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To: SeekAndFind

Now, that is funny. We have a group of uneducated, refused to be educated, demanding that businesses should pay them more money that what they are worth, and businesses are just saying: “NOPE, WE’LL JUST HIRE OURSEVES SOME ROBOTS, TO DO THE JOB FOR NOTHING”. Just think about it. No head aches, trying to mollify all these ignorant people. No more outside signs saying “EQUAL PAY FOR EQUAL WORK”. Or “WE WANT $25/HR. FOR DOING NOTHING”.


24 posted on 05/25/2014 7:26:14 AM PDT by gingerbread
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To: SunTzuWu

So what in the world are we going to do when robots start taking millions upon millions more of our jobs?

Eliminate the minimum wage.
_____________________

More likely they will institute a Guaranteed Income subsidy, a Guaranteed Housing subsidy and a Guaranteed Nutritional subsidy for everyone.

The technologically adept will not be safe as newer models of robots will self-diagnose and self-repair or just turn themselves in to the factory for upgrades performed by other robots. One engineer will be able to entirely oversee a large operation, with help from robotic techs.

AIs could eventually take over the creative programming and perhaps even the political and legal fields. Who knows? One day all our music, drama and literature could be composed by artificial intelligences and the performing arts will utilize digital performers.

The paradigm will change. That’s been the truth forever. This may be the impetus for Pelosi’s remarks about how everyone can now become an artist or a poet or whatever. She likely is already looking at machines to replace the illegals working in her families’ businesses.

I have spent a few minutes trying to think of present endeavors/jobs that cannot be done by a sufficiently intelligent and dexterous robot. Not only can’t I think of one, I can see leased personal helpers available to everyone for the same cost as we pay for communication and entertainment today. I can even see how this could be incorporated into whatever Guaranteed Subsidy program eventually emerges.

Boredom will be the scourge of this sort of future.


25 posted on 05/25/2014 7:32:42 AM PDT by reformedliberal
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To: SeekAndFind

“When you replace a human worker with a robot, you solve a whole bunch of problems.”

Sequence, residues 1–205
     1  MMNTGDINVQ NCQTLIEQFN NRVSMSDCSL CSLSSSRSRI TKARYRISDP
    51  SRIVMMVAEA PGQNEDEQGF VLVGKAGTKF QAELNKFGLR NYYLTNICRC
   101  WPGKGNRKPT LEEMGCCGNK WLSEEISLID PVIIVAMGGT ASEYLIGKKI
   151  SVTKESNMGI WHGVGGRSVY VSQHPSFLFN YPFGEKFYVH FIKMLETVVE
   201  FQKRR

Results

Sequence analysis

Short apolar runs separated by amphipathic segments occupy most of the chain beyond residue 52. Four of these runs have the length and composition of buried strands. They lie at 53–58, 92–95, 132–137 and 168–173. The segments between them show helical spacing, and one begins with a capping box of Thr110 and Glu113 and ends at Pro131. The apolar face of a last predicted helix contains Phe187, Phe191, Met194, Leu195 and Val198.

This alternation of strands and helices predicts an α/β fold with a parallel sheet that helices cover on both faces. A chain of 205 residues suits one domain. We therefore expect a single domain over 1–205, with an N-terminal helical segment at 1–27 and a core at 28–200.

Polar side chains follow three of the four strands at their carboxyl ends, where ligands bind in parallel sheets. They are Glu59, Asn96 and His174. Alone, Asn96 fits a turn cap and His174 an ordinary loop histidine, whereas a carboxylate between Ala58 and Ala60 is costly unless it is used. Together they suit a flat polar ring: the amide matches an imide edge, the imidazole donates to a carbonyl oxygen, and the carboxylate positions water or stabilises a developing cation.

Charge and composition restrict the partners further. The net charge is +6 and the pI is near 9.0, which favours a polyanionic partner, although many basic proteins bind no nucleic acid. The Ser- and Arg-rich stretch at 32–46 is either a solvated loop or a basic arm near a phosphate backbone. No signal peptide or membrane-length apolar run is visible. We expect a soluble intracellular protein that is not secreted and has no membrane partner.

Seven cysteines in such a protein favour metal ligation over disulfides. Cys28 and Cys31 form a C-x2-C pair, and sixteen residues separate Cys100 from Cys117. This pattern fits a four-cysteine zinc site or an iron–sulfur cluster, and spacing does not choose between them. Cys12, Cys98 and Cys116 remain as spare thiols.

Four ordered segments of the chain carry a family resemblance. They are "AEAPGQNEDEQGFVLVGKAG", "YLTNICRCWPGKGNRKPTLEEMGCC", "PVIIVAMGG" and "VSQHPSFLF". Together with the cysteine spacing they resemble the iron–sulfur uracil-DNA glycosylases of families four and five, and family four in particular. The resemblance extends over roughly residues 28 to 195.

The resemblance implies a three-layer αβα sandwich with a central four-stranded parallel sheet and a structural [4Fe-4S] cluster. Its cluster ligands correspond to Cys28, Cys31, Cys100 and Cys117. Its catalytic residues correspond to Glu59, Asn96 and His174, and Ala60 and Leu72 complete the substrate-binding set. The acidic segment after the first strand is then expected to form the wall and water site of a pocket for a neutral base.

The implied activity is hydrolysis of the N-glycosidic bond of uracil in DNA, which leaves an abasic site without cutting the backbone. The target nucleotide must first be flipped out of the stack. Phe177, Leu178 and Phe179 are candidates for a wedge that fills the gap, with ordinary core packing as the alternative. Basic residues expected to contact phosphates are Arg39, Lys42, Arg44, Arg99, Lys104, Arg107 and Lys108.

And you create a whole new set of problems that must be dealt with.

“Robots never take a day off, they never get tired, they never get sick, they never complain, they never show up late”

But when they do somebody has to fix or replace them.

If I were a young man, I believe I would be looking at new opportunities in the field of robotics and getting an education or experience with such.

But then again, don’t we need more neighbourhood activists, not scientists and engineers :}).

Crazy question just crossed my mind, will my robotic bodyguard have to have a gun permit and be licensed to kill?


26 posted on 05/25/2014 7:34:18 AM PDT by Texicanus (Texas, it's a whole 'nother country.)
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To: usconservative; cripplecreek
From wikipedia:

The word robota means literally "corvée", "serf labor", and figuratively "drudgery" or "hard work" in Czech and also (more general) "work", "labor" in many Slavic languages (e.g.: Bulgarian, Russian, Serbian, Slovak, Polish, Macedonian, Ukrainian, archaic Czech). Traditionally the robota was the work period a serf (corvée) had to give for his lord, typically 6 months of the year. The origin of the word is the Old Church Slavonic (Old Bulgarian) rabota "servitude" ("work" in contemporary Bulgarian and Russian), which in turn comes from the Proto-Indo-European root *orbh-. Robot is cognate with the German root Arbeit (work).

The mechanical devices that perform work are slaves and they will help the Political Elite re-institute a feudal system in which most humans are serfs.

27 posted on 05/25/2014 7:37:59 AM PDT by ClearCase_guy (Fegelein! Fegelein! Fegelein!)
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To: nathanbedford
For conservatives the challenge will be to find a way to maintain opportunity in an increasingly complex and technologically challenging world for our aging population and for our broader society with an utterly failed educational system. Wealth will be created by machines and distributed according to capital and technical know-how, leaving millions adrift. If we do not want the government to take over the distribution of those profits, we better come up with some creative solutions that preserve freedom, give the technologically challenged a stake in the political system without making them dependent, yet leaving undisturbed incentives for the creative to do their thing.

Good points where we might be headed to some sort of system/to where ideology will not matter. We know the left has poor answers so far on this one but I really don't find our side capable of addressing this one either.

I think first we need to limit immigration to near zero with an exception for spouses and asylum seekers. Close the borders down for 5 or 10 years, longer maybe.